‘God is Not Great’ Flying Off Shelves
Jeffrey Trachtenberg chronicles the success of Christopher Hitchens’ God is Not Great: How Religion Poisons Everything in today’s WSJ.
[T]he biggest surprise is a blazing attack on God and religion that is flying off bookshelves, even in the Bible Belt. “God is Not Great: How Religion Poisons Everything,” by Christopher Hitchens, wasn’t expected to be a blockbuster. Its publisher, Twelve, a fledgling imprint owned by France’s LagardÃ¨re SCA, initially printed a modest 40,000 copies. Today, seven weeks after the book went on sale, there are 296,000 copies in print. Demand has been so strong that booksellers and wholesalers were unable to get copies a short time after it hit stores, creating what the publishing industry calls a “dark week.” One experienced publishing veteran suggests that Mr. Hitchens will likely earn more than $1 million on this book.
A spin-off is already in the works. Rival publisher Da Capo Press, which is owned by Perseus Books LLC, got in touch with Mr. Hitchens and signed him up to edit, “The Portable Atheist,” a compilation of essays by such writers as Mark Twain and Charles Darwin that will be published in the fall. “This is atheism’s moment,” says David Steinberger, Perseus’s CEO. “Mr. Hitchens has written the category killer, and we’re excited about having the next book.”
I’m not sure why anyone’s surprised at this. There’s no subject more interesting to Americans than religion, and books and movies that incite controversy about religion always do well. And nobody does controversy better than Hitchens, arguably the most important non-fiction author of our time.
Mr. Hitchens, 58 years old, is well-known in media and political circles as an erudite raconteur and essayist; his Vanity Fair columns and frequent TV appearances on political shows have raised his profile. More recently, his loud support for the Iraq war has infuriated many of his former compatriots. His unabashed affection for alcohol and tobacco has been widely chronicled — sometimes by himself. “I smoke, sure, and I can take a drink when offered,” he says. “It’s impolite to decline.”
Now he has turned his caustic gaze on God and organized religion. “A heavenly dictatorship would be like living in a celestial North Korea, except it would be worse because they could read your thoughts even when you were asleep,” said Mr. Hitchens in an interview. “At least when you die you get out of North Korea, which is the most religious state I’ve ever seen.”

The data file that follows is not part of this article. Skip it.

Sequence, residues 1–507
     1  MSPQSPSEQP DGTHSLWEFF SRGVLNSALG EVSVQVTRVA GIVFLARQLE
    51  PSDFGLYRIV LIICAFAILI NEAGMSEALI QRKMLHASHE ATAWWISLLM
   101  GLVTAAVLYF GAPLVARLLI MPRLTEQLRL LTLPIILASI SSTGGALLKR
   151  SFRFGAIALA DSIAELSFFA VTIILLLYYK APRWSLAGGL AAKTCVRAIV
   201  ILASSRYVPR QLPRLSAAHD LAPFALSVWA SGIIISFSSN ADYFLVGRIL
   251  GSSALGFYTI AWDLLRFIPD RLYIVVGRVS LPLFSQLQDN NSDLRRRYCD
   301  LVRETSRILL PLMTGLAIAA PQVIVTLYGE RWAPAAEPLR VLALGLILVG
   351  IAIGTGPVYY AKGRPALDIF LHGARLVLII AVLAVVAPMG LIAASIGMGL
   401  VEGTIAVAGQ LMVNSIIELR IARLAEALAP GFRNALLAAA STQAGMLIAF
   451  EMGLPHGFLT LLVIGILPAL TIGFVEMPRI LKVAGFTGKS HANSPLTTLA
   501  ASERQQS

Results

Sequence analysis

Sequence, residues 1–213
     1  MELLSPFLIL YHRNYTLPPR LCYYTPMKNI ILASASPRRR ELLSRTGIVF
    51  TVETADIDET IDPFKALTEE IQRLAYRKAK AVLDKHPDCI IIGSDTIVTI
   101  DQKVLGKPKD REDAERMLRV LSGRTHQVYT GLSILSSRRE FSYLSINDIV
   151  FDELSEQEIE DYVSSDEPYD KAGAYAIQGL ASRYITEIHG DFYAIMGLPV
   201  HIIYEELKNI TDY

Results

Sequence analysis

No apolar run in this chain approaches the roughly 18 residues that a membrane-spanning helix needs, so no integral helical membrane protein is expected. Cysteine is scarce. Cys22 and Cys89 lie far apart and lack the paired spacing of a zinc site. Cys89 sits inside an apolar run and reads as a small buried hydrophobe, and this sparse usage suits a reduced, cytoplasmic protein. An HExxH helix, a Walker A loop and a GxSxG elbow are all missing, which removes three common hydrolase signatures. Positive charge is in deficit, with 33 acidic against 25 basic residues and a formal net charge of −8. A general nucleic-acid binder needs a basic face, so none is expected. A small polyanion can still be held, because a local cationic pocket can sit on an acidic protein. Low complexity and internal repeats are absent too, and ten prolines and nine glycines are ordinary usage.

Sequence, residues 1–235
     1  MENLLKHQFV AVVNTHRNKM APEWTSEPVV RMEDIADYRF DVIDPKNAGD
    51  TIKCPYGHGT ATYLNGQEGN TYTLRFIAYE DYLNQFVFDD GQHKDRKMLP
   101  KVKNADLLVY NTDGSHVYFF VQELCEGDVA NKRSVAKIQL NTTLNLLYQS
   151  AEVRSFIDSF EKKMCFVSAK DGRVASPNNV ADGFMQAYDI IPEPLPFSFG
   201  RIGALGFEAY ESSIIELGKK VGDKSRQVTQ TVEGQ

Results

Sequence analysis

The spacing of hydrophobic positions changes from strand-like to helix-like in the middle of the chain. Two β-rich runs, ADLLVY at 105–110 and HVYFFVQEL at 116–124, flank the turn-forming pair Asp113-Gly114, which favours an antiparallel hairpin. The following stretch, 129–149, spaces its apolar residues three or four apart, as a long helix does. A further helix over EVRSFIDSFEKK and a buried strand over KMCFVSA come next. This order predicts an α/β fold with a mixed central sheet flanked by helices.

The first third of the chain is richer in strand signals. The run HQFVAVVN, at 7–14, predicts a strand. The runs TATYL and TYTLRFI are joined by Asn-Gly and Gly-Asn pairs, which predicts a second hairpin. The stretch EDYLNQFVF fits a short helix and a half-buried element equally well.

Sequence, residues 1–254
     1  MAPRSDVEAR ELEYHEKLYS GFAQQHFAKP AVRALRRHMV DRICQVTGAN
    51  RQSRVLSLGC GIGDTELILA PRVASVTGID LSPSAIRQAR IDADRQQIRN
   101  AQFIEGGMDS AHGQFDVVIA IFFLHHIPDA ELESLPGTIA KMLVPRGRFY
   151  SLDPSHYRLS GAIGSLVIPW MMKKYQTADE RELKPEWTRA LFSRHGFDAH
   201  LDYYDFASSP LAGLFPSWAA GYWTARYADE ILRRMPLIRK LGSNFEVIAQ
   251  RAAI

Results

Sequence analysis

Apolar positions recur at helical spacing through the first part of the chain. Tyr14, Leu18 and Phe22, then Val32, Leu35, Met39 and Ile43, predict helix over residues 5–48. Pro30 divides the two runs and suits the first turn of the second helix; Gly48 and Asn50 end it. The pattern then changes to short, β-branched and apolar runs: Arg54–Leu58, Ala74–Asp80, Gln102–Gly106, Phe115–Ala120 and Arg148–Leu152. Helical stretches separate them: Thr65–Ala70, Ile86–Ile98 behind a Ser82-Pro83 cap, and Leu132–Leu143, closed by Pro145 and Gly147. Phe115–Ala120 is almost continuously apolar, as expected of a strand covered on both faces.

Maplethorpe Serrano’s “Piss Christ,” Scorsese and Kazantzakis “The Last Temptation of Christ,” and Gibson’s “Passion of the Christ,” Hitchens is reaping the benefits of interest from both sides:
Part of what is driving the sales of “God is Not Great” falls under the concept of know thine enemy. Conservative-minded customers have been snapping up the book because they want to be familiar with its message, says Vivien Jennings, owner of Rainy Day Books in Fairway, Kan. “There is a very strong presence of the religious right, and they want to know what’s being said and figure out how to move against it.”
Some of the same forces were at work last fall when Bertelsmann AG’s Alfred Knopf had a surprise hit with Sam Harris’s “Letter to a Christian Nation,” which questioned whether the Bible is the work of God, and Houghton Mifflin Co., a unit of Houghton Mifflin Riverdeep Group PLC, successfully published “The God Delusion” by Richard Dawkins. Today there are 500,000 hardcover copies of Mr. Dawkins’s book in print, and 185,000 hardcover copies of Mr. Harris’s book in print.
But those guys are pikers compared to Hitchens, who is a master of the outrageous analogy and speaking ill of the dead:
Mr. Hitchens makes a passionate case against organized religion as well as theocratic, fundamentalist states. He writes that “religion is not unlike racism.” “Literature is a better source of ethics and a better source of reflection than our holy texts,” he says. “People should read George Eliot, Dostoyevsky and Proust for moral leadership.”
Booksellers say Mr. Hitchens has helped his own cause by staging colorful confrontations with religious figures and by making incendiary statements about the late Jerry Falwell. On “Anderson Cooper 360,” Mr. Hitchens was asked if he thought Mr. Falwell would go to heaven. His response: “No. And I think it’s a pity there isn’t a hell for him to go to.”
Says Barbara Meade, a co-owner of the Politics & Prose bookstore in Washington, D.C.: “Part of the appeal is that he’s a personality; we sold 106 books when he visited our store.”
When Mr. Hitchens debated Al Sharpton at the New York Public Library recently, the event made national news after the Rev. Sharpton attacked Republican presidential candidate Mitt Romney’s Mormon faith. An estimated 1,000 turned out in Miami to listen to Mr. Hitchens challenge a panel that included an Orthodox Jew and a Buddhist nun. “I now wish I hadn’t participated,” says Nathan Katz, a professor of religious studies at Florida International University. “He was utterly abusive. It had the intellectual level of the Jerry Springer Show.”
Polite academic debates don’t sell books. Nor, frankly, are they as much fun when done with the level of skill Hitchens brings to the table.
Mr. Hitchens says he has received surprisingly little hate mail since his book was published. What does he think readers have learned from “God is Not Great?” “That your life is probably better led after you’ve outgrown the idea that the universe has a plan for you,” he says. “The cosmos isn’t designed with you in mind. You might as well just consult an astrological chart.”
That’ll sell another 100,000 copies.